Imagine these two people in a room together: a highly esteemed philosopher and founder of The School of Life, Alain de Botton meets Katie Price; a glamour-model turned super-savvy business woman with a reputation to be bold, outspoken and sometimes, unpredictable.
When Changeboard first discovered the ‘Katie Price and Philosophy’ event hosted by The School of Life (also our partners on the Future Talent Forum), it got the team excited and so intrigued. What would they talk about? How would they engage in conversation? Setting a whole new dynamic, and possibly one the most unlikely and wonderful pairings ever – we knew this meeting of minds was going to be pretty special.
We headed to The Emmanuel Centre in London – where the event was held on Wednesday 16th November – with a packed auditorium of 400 people, to watch Price consider the pros and cons of being one of the nation’s most recognisable figures and her responsibilities as a role model.
Personally, I didn’t learn a huge amount on philosophy, but I definitely enjoyed getting to know Katie Price in a completely unique setting – facilitated eloquently by de Botton.
He opened the conversation with a series of questions on the analogy of ‘attachment’. There are three types; secure, anxious and dismissive. Price was surprised to be identified as ‘secure’ as she was convinced she would be ‘anxious’ for her ‘needy ways’, she said.
Round two: de Botton played The School of Life’s 100 Questions: Love Edition game, with a clever spin to get Price’s perspective on relationships; both business and personal. (This game did create some blushing moments, but I’ll let you buy the game for Christmas to find out why!)
Here are the key findings I took from the Q&A session:
Defining career success
Price said: “I see my ‘personal life’ and ‘success’ as if they were on weighing scales – when one is up, the other seems to be down, it’s hard to manage,” expressing her continuous struggle of hitting the right work/life balance.
“It’s weird," she continued, "When it comes to business, I’m so confident and have a ‘throw anything at me’ kind of attitude. But in my private life I’m so much weaker, needy and sensitive.”
De Botton asked her (which I thought was a great, thought-provoking question): “What do you want to be known for?” Price responded: “For being 'me', my humour and my love to give.”
Showing her softer side, she revealed that she “loves helping and caring for people,” – and unknown to a lot of people, Price was actually training to become a registered nurse before finding fame with her modelling career. “If the modelling hadn’t worked out, I would have gone back to nursing,” she explained.
When asked what it takes to become a successful businesswoman: “Start small, don’t be greedy. Aim for your goal and dream, but always be realistic,” said Price.
Celebrity & leadership comparisons
In the age of celebrity, popular culture, and the rapidly changing world of work in the modern day – Price expressed that ‘upholding her celebrity image’ (I guess just like a leader maintaining the trust of their workforce) is a constant pressure – but it seems whatever projects she touches, it turns to gold.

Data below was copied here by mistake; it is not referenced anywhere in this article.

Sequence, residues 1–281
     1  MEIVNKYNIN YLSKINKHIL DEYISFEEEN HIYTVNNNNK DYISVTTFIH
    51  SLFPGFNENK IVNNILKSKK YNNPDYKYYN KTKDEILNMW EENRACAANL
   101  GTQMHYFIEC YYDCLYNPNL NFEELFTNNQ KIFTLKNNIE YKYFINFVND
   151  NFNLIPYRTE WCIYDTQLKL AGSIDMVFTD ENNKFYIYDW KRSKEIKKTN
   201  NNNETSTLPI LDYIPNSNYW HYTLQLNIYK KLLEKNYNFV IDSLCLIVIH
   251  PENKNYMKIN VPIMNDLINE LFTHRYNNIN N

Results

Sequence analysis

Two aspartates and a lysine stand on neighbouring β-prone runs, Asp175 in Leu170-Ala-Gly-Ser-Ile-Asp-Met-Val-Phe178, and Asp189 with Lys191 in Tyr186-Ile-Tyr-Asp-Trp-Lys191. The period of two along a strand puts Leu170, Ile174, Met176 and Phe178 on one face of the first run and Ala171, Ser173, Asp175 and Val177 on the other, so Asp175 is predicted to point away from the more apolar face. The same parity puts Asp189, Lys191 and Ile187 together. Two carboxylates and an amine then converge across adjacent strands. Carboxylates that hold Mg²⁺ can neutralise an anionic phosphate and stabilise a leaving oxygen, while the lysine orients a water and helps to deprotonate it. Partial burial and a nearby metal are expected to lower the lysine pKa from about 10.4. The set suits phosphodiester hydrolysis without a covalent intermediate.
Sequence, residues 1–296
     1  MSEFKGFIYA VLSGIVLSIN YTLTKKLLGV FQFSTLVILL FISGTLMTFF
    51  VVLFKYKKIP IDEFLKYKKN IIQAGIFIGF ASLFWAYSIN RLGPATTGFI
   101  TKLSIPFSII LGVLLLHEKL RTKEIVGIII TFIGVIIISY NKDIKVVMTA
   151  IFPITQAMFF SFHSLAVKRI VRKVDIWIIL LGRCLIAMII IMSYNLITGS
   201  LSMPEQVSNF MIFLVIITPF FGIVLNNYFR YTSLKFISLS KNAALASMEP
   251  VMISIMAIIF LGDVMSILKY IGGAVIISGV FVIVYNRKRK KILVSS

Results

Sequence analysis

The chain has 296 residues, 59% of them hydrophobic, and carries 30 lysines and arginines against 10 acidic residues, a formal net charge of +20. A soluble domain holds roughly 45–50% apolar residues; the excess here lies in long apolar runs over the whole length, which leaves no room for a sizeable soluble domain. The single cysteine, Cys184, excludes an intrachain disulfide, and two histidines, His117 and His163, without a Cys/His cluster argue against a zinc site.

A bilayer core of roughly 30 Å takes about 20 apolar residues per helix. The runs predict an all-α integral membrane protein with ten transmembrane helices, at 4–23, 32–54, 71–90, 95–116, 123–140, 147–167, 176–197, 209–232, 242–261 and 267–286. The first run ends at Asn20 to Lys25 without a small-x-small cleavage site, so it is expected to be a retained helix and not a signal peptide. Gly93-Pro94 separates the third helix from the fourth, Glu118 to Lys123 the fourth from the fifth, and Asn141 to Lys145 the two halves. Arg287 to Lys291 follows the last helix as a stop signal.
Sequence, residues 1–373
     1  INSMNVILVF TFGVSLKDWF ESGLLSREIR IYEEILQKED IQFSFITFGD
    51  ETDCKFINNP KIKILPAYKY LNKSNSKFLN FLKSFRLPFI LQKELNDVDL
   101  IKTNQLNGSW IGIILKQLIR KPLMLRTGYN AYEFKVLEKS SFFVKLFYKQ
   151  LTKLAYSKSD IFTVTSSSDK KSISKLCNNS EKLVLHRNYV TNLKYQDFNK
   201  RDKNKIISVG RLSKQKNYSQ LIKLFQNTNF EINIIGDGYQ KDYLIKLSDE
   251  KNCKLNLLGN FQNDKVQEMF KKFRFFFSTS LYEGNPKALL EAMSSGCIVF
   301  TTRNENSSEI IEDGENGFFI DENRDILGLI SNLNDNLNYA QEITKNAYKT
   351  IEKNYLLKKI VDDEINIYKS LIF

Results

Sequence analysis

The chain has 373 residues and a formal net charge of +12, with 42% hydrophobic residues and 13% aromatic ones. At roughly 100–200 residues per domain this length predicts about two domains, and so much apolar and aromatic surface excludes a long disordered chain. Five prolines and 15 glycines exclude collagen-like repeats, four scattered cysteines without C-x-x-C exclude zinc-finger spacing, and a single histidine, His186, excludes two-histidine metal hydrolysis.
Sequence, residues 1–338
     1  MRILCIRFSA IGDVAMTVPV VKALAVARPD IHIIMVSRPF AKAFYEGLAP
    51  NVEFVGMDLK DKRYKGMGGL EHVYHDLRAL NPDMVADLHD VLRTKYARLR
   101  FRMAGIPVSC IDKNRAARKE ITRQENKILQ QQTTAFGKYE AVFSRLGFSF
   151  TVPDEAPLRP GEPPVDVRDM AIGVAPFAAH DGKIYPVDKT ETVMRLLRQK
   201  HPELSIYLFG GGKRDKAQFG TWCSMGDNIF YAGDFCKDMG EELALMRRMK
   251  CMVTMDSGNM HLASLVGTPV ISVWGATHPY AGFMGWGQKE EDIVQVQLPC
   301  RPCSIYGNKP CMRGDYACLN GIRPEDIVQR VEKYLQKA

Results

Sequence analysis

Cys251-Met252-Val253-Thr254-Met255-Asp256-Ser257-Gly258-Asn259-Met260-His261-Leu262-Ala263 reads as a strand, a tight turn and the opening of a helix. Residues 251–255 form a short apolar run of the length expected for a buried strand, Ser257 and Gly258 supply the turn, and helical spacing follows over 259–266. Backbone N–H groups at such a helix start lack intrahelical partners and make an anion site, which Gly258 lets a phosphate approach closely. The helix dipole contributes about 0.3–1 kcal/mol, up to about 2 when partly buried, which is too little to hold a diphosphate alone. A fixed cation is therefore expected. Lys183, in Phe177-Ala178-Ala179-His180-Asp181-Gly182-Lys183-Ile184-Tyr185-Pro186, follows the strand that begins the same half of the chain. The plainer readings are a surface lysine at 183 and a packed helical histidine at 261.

She openly said: “I’m just good at making money,” – with her mega-brand and ever-growing empire of fragrances, books, beauty and equestrian products (Price now owns 80% of the equestrian retail market) she’s now focussing on potentially developing home-ware.
Price may have a marmite effect on the nation – love her or not – but she’s clearly a people-pleaser. She’s been in the business for over 20 years and has had the same agent for 17 years. Another great example of this was back in 2001, when Price (better known back then for her alter-ego 'Jordan') ran for Parliament for the Stretford and Urmston constituency of Greater Manchester. Even though she was unsuccessful, she believed: “If they'd based it on the number of votes for ‘Jordan’ and not Katie Price, I would have won.”
“I never put my name to anything I don’t try, work on myself or care about,” she claimed. Whether it’s sampling the ingredients of her new perfume or what's being written in her books: “Of course I don’t write my own books, I can't, and I’m too busy for that. I get someone round, blurt out my story and then they put pen to paper” – outlining her ‘realistic’ approach to achieving goals.
Talking about the modern world of work, Price said: “I like to put myself in many different boxes, not just one.” She enjoys working on a variety of projects and ‘making her brain connect’ to different products and perspectives. Price also admitted to having a growing interest in criminology and wishes to gain a deeper understanding on ‘how the mind works’.
Price has had her setbacks, which all have been well documented and are forever in the public eye. She reflected on dealing with a string of heartbreaks, depression, while trying to be the best mother possible and breadwinner – and with perseverance, self-development and therapy sessions, she’s managed to overcome these challenges. This was the inspiration behind her new autobiography: Reborn.
“I’m a ‘need facts’ kind of woman, and having therapy has made me think about and approach things differently; it’s definitely helped me,” – prompting this philosophy session with de Botton.
Her parting advice to the room: “Live every day like it’s your last, and aim for your goal. Never limit yourself and always remember, you’re born with nothing and you leave this world with nothing.”
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